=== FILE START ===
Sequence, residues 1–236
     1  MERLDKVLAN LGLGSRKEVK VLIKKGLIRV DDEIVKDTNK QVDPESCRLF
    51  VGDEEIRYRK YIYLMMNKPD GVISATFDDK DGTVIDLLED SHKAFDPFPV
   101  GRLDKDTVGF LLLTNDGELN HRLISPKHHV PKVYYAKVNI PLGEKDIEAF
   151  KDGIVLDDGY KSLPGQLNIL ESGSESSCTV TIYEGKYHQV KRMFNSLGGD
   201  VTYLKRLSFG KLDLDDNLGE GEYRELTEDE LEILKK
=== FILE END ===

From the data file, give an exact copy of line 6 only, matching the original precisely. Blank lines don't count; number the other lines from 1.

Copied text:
   201  VTYLKRLSFG KLDLDDNLGE GEYRELTEDE LEILKK